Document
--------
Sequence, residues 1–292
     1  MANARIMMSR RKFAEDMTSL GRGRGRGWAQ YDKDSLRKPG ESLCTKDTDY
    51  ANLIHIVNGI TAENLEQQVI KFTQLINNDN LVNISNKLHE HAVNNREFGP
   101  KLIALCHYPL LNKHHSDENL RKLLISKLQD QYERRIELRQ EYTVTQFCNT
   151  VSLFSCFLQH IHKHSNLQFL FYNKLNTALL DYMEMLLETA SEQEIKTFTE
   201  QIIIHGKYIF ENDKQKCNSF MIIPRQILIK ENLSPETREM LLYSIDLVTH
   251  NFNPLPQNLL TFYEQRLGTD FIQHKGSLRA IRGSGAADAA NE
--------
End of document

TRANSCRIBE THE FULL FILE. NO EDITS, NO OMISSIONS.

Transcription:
Sequence, residues 1–292
     1  MANARIMMSR RKFAEDMTSL GRGRGRGWAQ YDKDSLRKPG ESLCTKDTDY
    51  ANLIHIVNGI TAENLEQQVI KFTQLINNDN LVNISNKLHE HAVNNREFGP
   101  KLIALCHYPL LNKHHSDENL RKLLISKLQD QYERRIELRQ EYTVTQFCNT
   151  VSLFSCFLQH IHKHSNLQFL FYNKLNTALL DYMEMLLETA SEQEIKTFTE
   201  QIIIHGKYIF ENDKQKCNSF MIIPRQILIK ENLSPETREM LLYSIDLVTH
   251  NFNPLPQNLL TFYEQRLGTD FIQHKGSLRA IRGSGAADAA NE